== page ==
Alice Howland – Harvard professor, gifted researcher and lecturer, wife, and mother of three grown children – sets out for a run and soon realizes she has no idea how to find her way home. She has taken the route for years, but nothing looks familiar. She is utterly lost. Medical consults reveal early-onset Alzheimer’s.
Alice’s slowly but inevitably loses memory and connection with reality, told from her perspective. She gradually loses the ability to follow a conversational thread, the story line of a book, or to recall information she heard just moments before. Genova’s debut shows the disease progression through the reactions of others, as Alice does, so readers feel what she feels – a slowly building terror.
Even then, more than a year earlier, there were neurons in her head, not far from her ears, that were being strangled to death, too quietly for her to hear them. Some would argue that things were going so insidiously wrong that the neurons themselves initiated events that would lead to their own destruction. Whether it was molecular murder or cellular suicide, they were unable to warn her of what was happening before they died.
Imagine being at the top of your career. You’ve just turned 50. You’re still strong. Your status in life and identity depends on a highly functioning brain. You teach brilliant minds in Harvard. You speak at local and international conferences about psychology. You conduct discussions with highly capable colleagues, researchers, doctors, and even nobel prize winners. And then all of a sudden, out of nowhere, you’re diagnosed with an early on-set Alzheimer’s disease that will rob you to be any of those above mentioned anymore. How would you feel? What would you do? How will you cherish the remaining moments when you’re brain is still functioning? How will you spend your time?
These questions were also asked by Alice Howland when she was diagnosed with Alzheimer. She felt devastated and robbed. She panicked. All of her life, she’d been using her brain actively. This story was told in her point of view. It was a good idea by the way, because I got a peek on how a person with Alzheimer’s disease thinks. I felt her frustrations, her loss, her loneliness and even her happiness. There were some parts when I pity her but I feel proud for her because she fights her disease. She really tries very hard to remember important details. She even used post-it-notes and her blackberry to remember certain things. Her story opens the readers’ minds see as people with Alzheimer’s not the Alzheimer’s itself. it tells us how they feel. How they grasp into something familiar but was now foreign to them.
I didn’t like how John handled Alice’s situation. I really wished for him not to have accepted the position at Sloan-Kettering because he has so much years ahead of him. He should have opted for a Sabbatical leave to spend his wife’s remaining days when she can still remember things. He should have spent his time with her. I know he can’t cope up and he can’t accept the fact that his beloved wife has Alzheimer’s but he should have considered what her wife wanted to do. [I can’t help but compare him to Noah (The Notebook). How I wish that he replaced John.] He’s so selfish but I know that he loves Ali and her misses her already. He’s just weak to accept the reality. He should have met or talked with a support group.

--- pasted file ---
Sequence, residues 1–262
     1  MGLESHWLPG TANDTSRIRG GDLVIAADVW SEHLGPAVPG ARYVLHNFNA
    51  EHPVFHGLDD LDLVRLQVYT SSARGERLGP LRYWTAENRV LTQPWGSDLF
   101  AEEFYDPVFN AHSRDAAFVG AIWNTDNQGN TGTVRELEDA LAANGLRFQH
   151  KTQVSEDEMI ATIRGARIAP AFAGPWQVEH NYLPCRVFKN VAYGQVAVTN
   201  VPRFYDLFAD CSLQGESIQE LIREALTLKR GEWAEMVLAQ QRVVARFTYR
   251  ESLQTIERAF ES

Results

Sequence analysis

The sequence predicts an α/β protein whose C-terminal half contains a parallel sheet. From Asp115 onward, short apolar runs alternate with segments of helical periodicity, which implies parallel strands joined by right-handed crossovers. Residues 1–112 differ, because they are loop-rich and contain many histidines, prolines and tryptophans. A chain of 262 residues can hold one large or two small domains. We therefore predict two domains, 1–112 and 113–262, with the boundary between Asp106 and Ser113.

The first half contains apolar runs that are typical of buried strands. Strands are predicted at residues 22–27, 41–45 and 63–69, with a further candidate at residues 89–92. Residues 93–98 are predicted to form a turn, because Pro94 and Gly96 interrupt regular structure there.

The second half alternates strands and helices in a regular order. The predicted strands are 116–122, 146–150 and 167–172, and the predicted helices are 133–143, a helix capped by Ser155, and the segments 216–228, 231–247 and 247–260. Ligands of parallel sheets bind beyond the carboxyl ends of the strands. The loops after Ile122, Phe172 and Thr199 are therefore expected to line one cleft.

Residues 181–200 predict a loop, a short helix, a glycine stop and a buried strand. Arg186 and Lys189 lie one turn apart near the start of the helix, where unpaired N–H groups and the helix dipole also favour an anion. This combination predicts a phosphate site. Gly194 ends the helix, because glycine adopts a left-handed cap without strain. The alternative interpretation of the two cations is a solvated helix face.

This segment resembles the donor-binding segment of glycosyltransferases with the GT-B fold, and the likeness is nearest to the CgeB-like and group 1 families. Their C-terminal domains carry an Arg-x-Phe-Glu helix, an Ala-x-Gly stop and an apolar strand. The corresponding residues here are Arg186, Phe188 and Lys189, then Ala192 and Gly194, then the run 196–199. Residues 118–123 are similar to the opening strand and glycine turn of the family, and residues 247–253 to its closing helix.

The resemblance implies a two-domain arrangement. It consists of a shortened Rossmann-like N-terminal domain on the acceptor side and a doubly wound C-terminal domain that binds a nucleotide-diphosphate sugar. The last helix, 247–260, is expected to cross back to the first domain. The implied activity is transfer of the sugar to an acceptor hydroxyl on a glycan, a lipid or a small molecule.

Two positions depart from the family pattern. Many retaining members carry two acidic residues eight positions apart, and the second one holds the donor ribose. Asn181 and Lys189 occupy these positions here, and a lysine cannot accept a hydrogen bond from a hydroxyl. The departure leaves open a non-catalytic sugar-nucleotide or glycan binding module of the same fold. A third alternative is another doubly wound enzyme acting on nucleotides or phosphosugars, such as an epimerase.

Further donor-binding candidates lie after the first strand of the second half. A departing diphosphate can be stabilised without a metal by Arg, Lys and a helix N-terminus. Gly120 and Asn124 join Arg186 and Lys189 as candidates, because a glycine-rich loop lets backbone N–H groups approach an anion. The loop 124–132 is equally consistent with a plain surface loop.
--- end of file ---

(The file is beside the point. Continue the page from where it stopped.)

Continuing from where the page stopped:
Alice is lucky to have her children. They were really supportive. Lydia’s idea of documenting Alice’s life helped her coped up to remember past events. I’m glad that the technologies are more advanced today because we can prevent babies from accumulating a mutilated gene to prevent Alzheimer’s. I like how her children accepted the news of her illness. Although Lydia and Alice didn’t get on very well because of the path Lydia had taken, they did found a truce in the end. Lydia is so understanding, patient, and thoughtful. I love how she explains things to her mom – how they talk about her plays, about her friends especially her boyfriend, and how they share ideas. When this disease consumes a person, it should be important that s/he has a family to support her and to remind her of what s/he once was. It is important that they feel loved.
Alice’s memory may have deteriorated fast, but the memory of what she did when she was well will always be remembered. She may have Alzheimer’s, but she’s still Alice.
This is a very powerful and emotionally captivating story that will leave you with puffy eyes and bucketful of information that you can share to your friends, relatives, and colleagues. It will cause you to pause, think, and question your health. Reading this book, I have the sudden urge to go visit a neurologist and have a check-up.
Lisa Genova made this really realistic. what other Alzheimer-related books failed to explain, this book surely did it all. Thanks to her expertise. If you have Alzheimer’s or if you know anyone who might have one, you must read and share this book to them now. It will leave you wanting more. It’s a page turner and unputdownable. It will help them tremendously. Good job Lisa!